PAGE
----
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2003 Progress Report: Dioxins, Male Pubertal Development and Testis FunctionEPA Grant Number: R829437
Title: Dioxins, Male Pubertal Development and Testis Function
Investigators: Hauser, Russ , Korrick, Susan , Lasley, Bill L. , Lee, Mary , Overstreet, James W. , Revich, Boris , Sergeyev, Oleg , Williams, Paige L. , Zeilert, Vladamir
Current Investigators: Hauser, Russ , Korrick, Susan , Williams, Paige L.
Institution: Harvard Medical School , Chapaevsk Medical Association , Duke University Medical Center , Russian Academy of Sciences , University of California - Davis
Current Institution: Harvard School of Public Health
EPA Project Officer: Glenn, Barbara
Project Period: December 1, 2001 through November 30, 2005 (Extended to February 3, 2008)
Project Period Covered by this Report: December 1, 2002 through November 30, 2003
Project Amount: $2,252,427
RFA: Endocrine Disruptors: Epidemiologic Approaches (2001) RFA Text | Recipients Lists
Research Category: Economics and Decision Sciences , Health , Safer Chemicals , Endocrine Disruptors
The objective of this research project isto determine whether exposure to dioxins, a byproduct of industrial processes and an environmental contaminant, is associated with altered growth and sexual maturation in boys. The specific objectives of this research project are to:
- explore whether physical growth is delayed and stunted;
- explore whether sexual maturation is delayed;
- and explore whether reproductive hormones are altered. Dioxin levels will be measured in blood samples drawn from the boys and their mothers.
Yearly physical examinations will be performed to assess growth velocity and onset and tempo of sexual maturation. Questionnaire data will be collected on birth and medical history, as well as lifestyle factors. Statistical modeling will be used to explore the relationship between serum levels of dioxin and altered physical growth and sexual maturation.Progress Summary:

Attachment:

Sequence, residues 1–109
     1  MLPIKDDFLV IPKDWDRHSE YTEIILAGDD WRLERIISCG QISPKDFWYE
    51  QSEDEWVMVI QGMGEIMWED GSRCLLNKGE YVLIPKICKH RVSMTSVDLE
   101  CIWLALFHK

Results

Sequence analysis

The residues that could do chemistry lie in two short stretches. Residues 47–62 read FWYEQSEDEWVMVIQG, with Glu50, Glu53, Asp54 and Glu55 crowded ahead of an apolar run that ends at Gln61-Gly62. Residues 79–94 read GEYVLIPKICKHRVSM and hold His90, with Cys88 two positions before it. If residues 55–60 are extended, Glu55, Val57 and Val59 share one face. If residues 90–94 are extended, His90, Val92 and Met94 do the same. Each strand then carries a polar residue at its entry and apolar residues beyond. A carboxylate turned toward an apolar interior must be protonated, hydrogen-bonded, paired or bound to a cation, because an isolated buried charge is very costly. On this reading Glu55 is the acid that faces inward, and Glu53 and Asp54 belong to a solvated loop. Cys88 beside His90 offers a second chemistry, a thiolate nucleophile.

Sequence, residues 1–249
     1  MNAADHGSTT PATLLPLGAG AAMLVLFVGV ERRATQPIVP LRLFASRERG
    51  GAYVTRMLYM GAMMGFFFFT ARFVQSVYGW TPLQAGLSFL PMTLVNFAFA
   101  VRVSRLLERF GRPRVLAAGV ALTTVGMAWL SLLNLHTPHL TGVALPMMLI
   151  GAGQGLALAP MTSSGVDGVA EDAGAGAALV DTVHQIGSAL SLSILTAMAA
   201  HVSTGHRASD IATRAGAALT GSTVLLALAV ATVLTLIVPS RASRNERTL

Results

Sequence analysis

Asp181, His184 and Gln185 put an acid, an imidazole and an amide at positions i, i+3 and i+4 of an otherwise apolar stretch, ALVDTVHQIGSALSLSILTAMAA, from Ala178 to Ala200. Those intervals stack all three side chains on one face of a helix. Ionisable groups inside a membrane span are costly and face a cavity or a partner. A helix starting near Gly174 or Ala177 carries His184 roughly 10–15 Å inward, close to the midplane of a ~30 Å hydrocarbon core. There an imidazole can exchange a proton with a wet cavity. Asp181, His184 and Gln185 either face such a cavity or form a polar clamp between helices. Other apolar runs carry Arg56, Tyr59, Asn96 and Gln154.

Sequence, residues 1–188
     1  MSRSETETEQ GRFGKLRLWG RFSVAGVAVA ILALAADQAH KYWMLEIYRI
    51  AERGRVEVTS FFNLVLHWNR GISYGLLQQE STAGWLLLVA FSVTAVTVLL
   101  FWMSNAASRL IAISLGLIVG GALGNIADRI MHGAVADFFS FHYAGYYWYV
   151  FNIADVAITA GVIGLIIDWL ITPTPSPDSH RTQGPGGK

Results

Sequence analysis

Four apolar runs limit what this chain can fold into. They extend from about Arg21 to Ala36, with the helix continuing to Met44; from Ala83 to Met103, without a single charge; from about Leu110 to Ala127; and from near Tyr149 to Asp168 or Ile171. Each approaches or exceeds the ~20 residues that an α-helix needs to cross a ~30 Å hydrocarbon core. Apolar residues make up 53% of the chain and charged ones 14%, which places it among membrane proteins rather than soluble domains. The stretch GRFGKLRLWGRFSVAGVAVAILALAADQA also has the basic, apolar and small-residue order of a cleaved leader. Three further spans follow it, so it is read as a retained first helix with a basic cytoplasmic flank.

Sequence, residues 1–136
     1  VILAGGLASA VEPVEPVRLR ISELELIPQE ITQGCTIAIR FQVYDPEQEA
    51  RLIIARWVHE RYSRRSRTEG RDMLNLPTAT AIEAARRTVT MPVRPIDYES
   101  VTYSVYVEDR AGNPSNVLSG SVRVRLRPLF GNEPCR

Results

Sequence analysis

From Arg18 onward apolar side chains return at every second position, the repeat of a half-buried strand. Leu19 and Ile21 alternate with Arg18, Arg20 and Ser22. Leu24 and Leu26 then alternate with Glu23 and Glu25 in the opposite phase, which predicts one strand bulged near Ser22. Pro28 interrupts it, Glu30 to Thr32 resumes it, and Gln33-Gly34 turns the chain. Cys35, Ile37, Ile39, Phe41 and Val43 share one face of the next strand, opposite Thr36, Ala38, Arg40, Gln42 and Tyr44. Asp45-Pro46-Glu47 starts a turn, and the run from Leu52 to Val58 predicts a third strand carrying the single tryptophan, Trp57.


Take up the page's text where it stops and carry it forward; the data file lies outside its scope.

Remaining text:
During the previous year, the computer databases were finalized and field tested with our Russian collaborators. The resulting database will contain more than 1,000 variables, including questions on diet, birth history, medical history, and lifestyle factors of the child and his parents. The nurse interviewing the boys and their mother will enter the data directly into the computer, avoiding delays caused by manual data entry, as well as reducing the potential for data entry errors.
We began recruitment of 8- and 9-year-old boys and their families (mothers and fathers). To date, we have recruited 180 families. Our participation rate is very high, more than 90 percent. We anticipate recruiting 320 additional boys and their families to assemble the cohort of 500 boys. Yearly followup on boys recruited this year will be performed.
We currently are performing a statistical analysis to identify predictors of serum levels of dioxins, furans, and polychlorinated biphenyls. The primary predictors of interest include: the boys’ age, distance that the boys and mothers live from the Himprom factories (a primary source of environmental dioxin contamination), and dietary intake of locally grown food (meats, dairy, and produce). We are working closely with a Russian scientist to generate geographic information system maps of the boys’/mothers’ homes in relation to the Himprom factories.Future Activities:
We will recruit a total of 500 8 and 9-year-old boys for a prospective cohort study. All of the boys will undergo a physical exam, have blood drawn, provide a urine sample, and complete a detailed questionnaire with their mothers. The boys’ mothers also will have blood drawn. We then will follow these boys yearly until age 18, when we can assess reproductive fitness by collecting a semen sample.
Journal Articles on this Report : 1 Displayed | Download in RIS Format
|Other project views:||All 10 publications||8 publications in selected types||All 8 journal articles|
||Lee MM, Sergeyev O, Williams P, Korrick S, Zeilert V, Revich B, Hauser R. Physical growth and sexual maturation of boys in Chapaevsk, Russia. Journal of Pediatric Endocrinology & Metabolism 2003;16(2):169-178.||
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